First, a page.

Wild answer to the deer problem

by Kenzo Moriguchi

KAMIKITAYAMA, Nara Pref. — It was a rainy Monday in July when Fumio Minamiura came across a shocking scene: a stray dog trotting along with the head and fore-parts of a young deer in its mouth. Blood was still dripping from the fresh kill.

A feral dog carries part of a deer along a road in Nara Prefecture.

Minamiura was driving up the Odaigahara Parkway to conduct research on wild deer and feral dogs. As a member of the Wildlife Conservation Committee in Nara Prefecture, a volunteer group set up 41 years ago, Minamiura is deeply interested in the problem of the overexpansion of the deer herd in the Kii Peninsula, which has resulted in disastrous damage to the forests in Odaigahara.

As forest browsers, deer nibble young shoots and saplings, and strip the bark from mature trees. If their numbers are not limited, they are capable of stripping mountainsides as cleanly as any timber company. According to Senji Iwamoto, a Nara prefectural government official at Odaigahara Visitor Center, wild deer have caused severe damage to trees on some 40 hectares of land in the 200-hectare eastern Odaigahara sector, including some 20 hectares which have been effectively deforested.

Historically, Japanese deer have been prey to wolves and man, but the Japanese wolf has been extinct since the last one was captured in Higashi Yoshino, Nara Prefecture, in 1905. Due to hunting’s decline in popularity in recent decades, the deer herd has grown to many thousands.

Another conservation organization, the Japan Wolf Association, has for some time advocated the re-introduction of wolves from foreign populations to bring the deer under control. But Minamiura’s discovery in June suggests that nature is already responding to the problem. As the photo shows, feral dogs may be replacing wolves as predators of the deer.

Minamiura had seen feral dogs several times at Mount Odaigahara, in the southeast of the prefecture, but this scene was the first clear proof of the role the animals could play in preserving the balance of the region’s ecosystem. The dog was brown, some 80 cm in length and about 17 kg in weight; from her teats, Minamiura could see the dog was a female raising a litter of pups.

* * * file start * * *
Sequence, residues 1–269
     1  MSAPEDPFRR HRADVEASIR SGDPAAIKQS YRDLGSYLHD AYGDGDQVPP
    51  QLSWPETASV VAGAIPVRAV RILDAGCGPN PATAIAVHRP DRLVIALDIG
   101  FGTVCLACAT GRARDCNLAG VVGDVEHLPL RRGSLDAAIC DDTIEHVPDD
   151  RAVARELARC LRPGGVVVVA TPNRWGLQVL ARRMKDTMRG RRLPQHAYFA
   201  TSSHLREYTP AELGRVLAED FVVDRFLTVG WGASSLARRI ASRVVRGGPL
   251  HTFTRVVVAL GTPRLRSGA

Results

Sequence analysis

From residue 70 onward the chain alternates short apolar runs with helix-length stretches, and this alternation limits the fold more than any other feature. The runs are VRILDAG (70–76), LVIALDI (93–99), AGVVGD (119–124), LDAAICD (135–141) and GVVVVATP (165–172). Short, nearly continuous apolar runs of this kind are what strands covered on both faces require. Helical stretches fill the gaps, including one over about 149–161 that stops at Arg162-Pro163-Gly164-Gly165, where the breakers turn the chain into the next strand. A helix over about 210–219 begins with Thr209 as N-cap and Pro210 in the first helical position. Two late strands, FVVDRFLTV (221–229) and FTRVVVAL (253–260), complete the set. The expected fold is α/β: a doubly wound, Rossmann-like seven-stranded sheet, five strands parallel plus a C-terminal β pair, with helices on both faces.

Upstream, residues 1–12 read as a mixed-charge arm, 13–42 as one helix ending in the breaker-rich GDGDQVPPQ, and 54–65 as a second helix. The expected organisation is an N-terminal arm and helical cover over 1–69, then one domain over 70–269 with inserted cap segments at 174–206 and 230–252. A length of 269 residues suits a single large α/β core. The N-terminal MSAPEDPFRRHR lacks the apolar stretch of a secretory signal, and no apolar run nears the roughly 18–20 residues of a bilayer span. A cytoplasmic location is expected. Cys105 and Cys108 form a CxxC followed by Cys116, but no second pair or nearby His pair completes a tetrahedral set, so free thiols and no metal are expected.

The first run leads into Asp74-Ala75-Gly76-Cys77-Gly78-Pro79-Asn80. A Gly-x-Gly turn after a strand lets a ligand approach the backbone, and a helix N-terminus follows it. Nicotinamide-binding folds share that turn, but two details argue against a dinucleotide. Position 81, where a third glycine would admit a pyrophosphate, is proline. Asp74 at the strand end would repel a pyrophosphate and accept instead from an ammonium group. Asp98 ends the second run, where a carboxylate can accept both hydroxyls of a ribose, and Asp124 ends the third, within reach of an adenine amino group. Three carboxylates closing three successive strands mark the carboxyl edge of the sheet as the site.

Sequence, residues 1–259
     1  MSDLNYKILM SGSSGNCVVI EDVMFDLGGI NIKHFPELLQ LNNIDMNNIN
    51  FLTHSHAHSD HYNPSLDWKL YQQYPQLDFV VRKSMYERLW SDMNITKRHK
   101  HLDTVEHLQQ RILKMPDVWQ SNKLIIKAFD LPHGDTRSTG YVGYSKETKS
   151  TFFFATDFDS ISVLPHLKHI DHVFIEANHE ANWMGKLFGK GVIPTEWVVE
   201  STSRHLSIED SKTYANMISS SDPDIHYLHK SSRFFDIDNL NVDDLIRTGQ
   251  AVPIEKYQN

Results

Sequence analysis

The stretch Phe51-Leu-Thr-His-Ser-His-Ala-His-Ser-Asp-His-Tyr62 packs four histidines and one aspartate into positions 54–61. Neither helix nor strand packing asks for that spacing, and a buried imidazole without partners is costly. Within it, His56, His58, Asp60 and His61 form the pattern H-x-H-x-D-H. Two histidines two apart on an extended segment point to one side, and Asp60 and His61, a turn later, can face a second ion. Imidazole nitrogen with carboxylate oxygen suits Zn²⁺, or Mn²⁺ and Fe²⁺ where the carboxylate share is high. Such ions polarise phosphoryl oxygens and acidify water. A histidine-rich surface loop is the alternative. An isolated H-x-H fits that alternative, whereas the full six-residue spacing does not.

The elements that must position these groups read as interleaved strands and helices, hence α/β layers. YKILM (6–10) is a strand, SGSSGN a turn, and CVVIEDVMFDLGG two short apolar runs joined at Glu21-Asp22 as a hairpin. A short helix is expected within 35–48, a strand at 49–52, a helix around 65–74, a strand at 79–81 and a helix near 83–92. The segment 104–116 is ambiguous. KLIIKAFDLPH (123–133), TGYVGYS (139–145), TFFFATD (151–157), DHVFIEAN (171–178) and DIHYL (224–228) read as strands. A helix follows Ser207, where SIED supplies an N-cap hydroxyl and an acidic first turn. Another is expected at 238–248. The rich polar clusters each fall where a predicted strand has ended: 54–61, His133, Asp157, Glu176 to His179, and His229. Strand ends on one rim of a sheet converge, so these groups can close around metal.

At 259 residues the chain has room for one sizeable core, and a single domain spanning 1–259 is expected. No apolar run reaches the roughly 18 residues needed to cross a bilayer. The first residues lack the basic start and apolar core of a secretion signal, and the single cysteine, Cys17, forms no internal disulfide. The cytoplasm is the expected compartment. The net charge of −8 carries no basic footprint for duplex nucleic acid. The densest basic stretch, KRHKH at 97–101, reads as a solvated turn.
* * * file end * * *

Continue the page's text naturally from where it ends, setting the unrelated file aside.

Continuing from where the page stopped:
“I am convinced that feral dogs can be an effective answer to the increasing number of wild deer,” says Minamiura. “These feral dogs are believed to live in packs of five to six. Most of them were abandoned by their owners and have adapted to living in the wild.

“In the Odaigahara area,” Minamiura says, “I think there are four or five such packs. Exactly how many live there and how they are living are questions I now have to work on.”

Iwamoto at the visitor center is doubtful that there are enough feral dogs to curb the wild deer population.

“Odaigahara is not a steep mountain,” he notes, “so the deer can usually run faster than the dogs. Unless the feral dogs outnumber the deer, they would not really be effective as a predator.”

Minamiura, however, thinks that the dogs would be a better option for controlling the deer than introducing foreign wolves to act as predators.

“There are plenty of wild deer for feral dogs to eat,” he says. “I hope to make further observations of the feral dogs, although they are very cautious and difficult even to spot.

“This photo was very rare, taken only by a lucky chance. I don’t think I will see a dog with a deer in its mouth like that again.”